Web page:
Franklin Brooks Fund finds new life

by Griffin Davis
News Writer

In a tough economy, non-profit organizations often need more money to operate. But when family budgets get tighter, charitable giving is usually the first thing to go. It’s a paradox that continues to influence the balance sheets of many non-profits today, forcing some charities to get creative in capturing extra dollars when personal and corporate finances take a hit. In the GLBT community, however, one organization is relying on its deep philanthropic roots to raise more money.

“The Brooks Fund was founded ten years ago by a national grant to bring awareness to gay and lesbian issues,” said Mike Smith, chairman of the board for the Brooks Fund. “In the past, we have given grants from the fund to PFLAG, YWCA, One-In-Teen and others to help educate the public and open eyes and minds of Nashville.”

But the Fund’s good deeds did go noticed, and soon the Brooks grants dried up. And until recently, the future of the Brooks fund was in financial doubt. That’s when the Community Foundation of Nashville stepped in.

“They’ve been very instrumental in re-invigorating our board,” says Smith. “We now have a hands-on coordinator, and we’re looking to breathe new life into the fund.”

The goals of the Fund are ambitious. To replenish the $130,000 it has given, at press time, to more than 20 worthy causes over the last decade, Brooks Fund board members were holding a travel raffle. The lucky $50 donor wins a week-long trip to a privately owned villa just south of France. Organizers want to sell 500 tickets.

“The raffle is one way we’re raising awareness of the Fund,” says Smith. “But we have lots of other events planed that revolve around efforts to grow our membership.”

To enter the first-annual Brooks Fund Travel Raffle, go to www.cfmt.org/travelraffle. You’ll not only have pretty good odds at winning a dream French getaway (about 1 in 500), you’ll also be admitted to the private winner’s announcement party at Play Dance Bar on June 11. There, you’ll find other ways to support the good work of the Brooks Fund, like bidding on celebrity and travel-related items at a silent auction.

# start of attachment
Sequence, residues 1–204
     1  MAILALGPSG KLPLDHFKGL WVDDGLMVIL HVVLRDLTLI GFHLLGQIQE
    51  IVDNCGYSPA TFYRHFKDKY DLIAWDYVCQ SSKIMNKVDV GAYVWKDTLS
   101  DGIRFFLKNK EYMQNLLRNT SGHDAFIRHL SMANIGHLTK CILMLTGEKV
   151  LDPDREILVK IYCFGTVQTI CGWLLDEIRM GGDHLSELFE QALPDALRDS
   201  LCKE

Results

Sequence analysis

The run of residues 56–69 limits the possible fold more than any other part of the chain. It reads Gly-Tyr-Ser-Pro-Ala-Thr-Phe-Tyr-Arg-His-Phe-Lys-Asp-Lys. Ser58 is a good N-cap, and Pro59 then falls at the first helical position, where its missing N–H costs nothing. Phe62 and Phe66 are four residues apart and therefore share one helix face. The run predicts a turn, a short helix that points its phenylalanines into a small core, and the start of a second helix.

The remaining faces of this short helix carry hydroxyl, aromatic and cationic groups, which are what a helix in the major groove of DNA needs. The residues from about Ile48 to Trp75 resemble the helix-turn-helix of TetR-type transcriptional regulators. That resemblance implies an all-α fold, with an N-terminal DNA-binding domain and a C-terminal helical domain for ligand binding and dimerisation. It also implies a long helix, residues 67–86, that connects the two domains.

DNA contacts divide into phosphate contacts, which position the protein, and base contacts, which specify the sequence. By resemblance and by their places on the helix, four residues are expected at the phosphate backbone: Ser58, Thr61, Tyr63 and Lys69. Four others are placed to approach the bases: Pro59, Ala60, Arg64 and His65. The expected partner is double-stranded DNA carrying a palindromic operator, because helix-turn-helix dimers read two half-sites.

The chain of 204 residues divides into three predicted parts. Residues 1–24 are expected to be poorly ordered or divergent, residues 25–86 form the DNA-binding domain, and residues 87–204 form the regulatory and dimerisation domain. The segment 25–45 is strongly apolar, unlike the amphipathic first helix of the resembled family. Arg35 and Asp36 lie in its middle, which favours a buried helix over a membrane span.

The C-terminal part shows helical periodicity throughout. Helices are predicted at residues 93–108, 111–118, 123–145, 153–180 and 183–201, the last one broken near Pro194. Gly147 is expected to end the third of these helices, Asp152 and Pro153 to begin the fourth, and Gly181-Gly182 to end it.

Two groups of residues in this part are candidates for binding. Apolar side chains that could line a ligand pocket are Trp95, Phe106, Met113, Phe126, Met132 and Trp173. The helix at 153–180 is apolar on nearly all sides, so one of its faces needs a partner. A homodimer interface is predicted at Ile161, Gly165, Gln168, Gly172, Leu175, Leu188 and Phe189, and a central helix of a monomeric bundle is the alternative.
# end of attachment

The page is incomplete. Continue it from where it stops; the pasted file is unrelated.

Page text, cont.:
“We are honored to be a part of Franklin Brooks’ legacy and look forward to increasing the fund’s capacity to help,” said Ellen Lehman, president of the Community Foundation of Middle Tennessee. “The Brooks fund has dedicated itself to the support of many worthy non-profits working to enhance the present and future of our neighbors in need.”

Look for an interview with the lucky raffle winner soon at Out & About’s Web site, www.outandaboutnewspaper.com.

Photo courtesy of Joe Eats World

Slane Irish Whiskey bottles

Disclaimer: My trip was provided courtesy of a press trip but all opinions about the trip and events are my own. Please note there are affiliate links and at no additional cost to you, I may earn a commission if you make a purchase.

Keep reading Show less
Photo by Tim Mossholder on Unsplash

Mental Health for LGBTQ+ Aging Adults

Queer elders have made a big impact on the world. Queer folks over the age of 65 were around during the Stonewall Movement in the 1960s and may have even campaigned to improve the rights and freedoms of LGBTQ+ people around the world.

But, as queer elders enter later life, they may need to find new ways to protect and preserve their mental health.

Keep reading Show less
Photo courtesy of Erkin Athletics

B37 Massage Gun Review

Disclaimer: This product has been tested and reviewed by our writer and any views or opinions are their own. Please note there are affiliate links and at no additional cost to you, we may earn a commission if you make a purchase.

Keep reading Show less